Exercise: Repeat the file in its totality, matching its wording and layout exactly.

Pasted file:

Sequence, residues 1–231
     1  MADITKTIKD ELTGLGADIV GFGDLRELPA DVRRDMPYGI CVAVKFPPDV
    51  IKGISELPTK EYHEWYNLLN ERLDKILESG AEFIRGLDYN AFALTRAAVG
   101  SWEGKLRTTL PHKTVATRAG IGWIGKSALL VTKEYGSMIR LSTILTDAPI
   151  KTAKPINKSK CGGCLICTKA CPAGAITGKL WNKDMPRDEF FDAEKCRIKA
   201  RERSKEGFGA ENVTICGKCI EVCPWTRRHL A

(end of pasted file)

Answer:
Sequence, residues 1–231
     1  MADITKTIKD ELTGLGADIV GFGDLRELPA DVRRDMPYGI CVAVKFPPDV
    51  IKGISELPTK EYHEWYNLLN ERLDKILESG AEFIRGLDYN AFALTRAAVG
   101  SWEGKLRTTL PHKTVATRAG IGWIGKSALL VTKEYGSMIR LSTILTDAPI
   151  KTAKPINKSK CGGCLICTKA CPAGAITGKL WNKDMPRDEF FDAEKCRIKA
   201  RERSKEGFGA ENVTICGKCI EVCPWTRRHL A